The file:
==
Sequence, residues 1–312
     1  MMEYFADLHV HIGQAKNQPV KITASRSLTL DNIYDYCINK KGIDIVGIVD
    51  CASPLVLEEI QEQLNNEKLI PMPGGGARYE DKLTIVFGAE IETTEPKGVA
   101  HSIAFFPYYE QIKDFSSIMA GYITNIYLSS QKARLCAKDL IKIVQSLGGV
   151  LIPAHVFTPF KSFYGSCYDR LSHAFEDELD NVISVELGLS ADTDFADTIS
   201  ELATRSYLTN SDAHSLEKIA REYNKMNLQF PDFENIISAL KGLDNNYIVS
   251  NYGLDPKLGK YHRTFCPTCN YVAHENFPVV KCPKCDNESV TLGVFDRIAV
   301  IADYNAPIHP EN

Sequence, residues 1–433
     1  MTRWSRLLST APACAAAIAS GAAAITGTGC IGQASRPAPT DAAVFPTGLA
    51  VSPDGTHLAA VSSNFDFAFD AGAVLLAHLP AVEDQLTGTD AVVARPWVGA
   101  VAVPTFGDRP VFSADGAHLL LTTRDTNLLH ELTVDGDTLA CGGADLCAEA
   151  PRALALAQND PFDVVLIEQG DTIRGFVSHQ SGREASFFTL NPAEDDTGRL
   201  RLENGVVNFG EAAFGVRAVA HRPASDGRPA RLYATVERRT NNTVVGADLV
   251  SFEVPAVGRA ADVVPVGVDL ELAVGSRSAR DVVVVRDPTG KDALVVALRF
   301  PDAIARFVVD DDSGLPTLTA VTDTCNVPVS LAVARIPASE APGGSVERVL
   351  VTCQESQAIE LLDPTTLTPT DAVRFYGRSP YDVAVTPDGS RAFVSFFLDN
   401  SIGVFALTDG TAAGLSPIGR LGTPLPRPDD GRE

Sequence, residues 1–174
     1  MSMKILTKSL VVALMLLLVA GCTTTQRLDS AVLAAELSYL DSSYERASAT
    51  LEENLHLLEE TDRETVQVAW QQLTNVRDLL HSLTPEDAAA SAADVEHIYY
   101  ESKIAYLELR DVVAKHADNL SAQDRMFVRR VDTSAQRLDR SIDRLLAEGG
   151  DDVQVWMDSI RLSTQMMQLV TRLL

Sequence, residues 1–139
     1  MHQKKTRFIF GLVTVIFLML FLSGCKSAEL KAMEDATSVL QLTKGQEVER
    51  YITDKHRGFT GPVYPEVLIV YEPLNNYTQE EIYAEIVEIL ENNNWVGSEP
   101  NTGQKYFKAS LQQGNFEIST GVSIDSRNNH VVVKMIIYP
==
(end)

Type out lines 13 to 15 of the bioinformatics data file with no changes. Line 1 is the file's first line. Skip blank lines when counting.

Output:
   151  PRALALAQND PFDVVLIEQG DTIRGFVSHQ SGREASFFTL NPAEDDTGRL
   201  RLENGVVNFG EAAFGVRAVA HRPASDGRPA RLYATVERRT NNTVVGADLV
   251  SFEVPAVGRA ADVVPVGVDL ELAVGSRSAR DVVVVRDPTG KDALVVALRF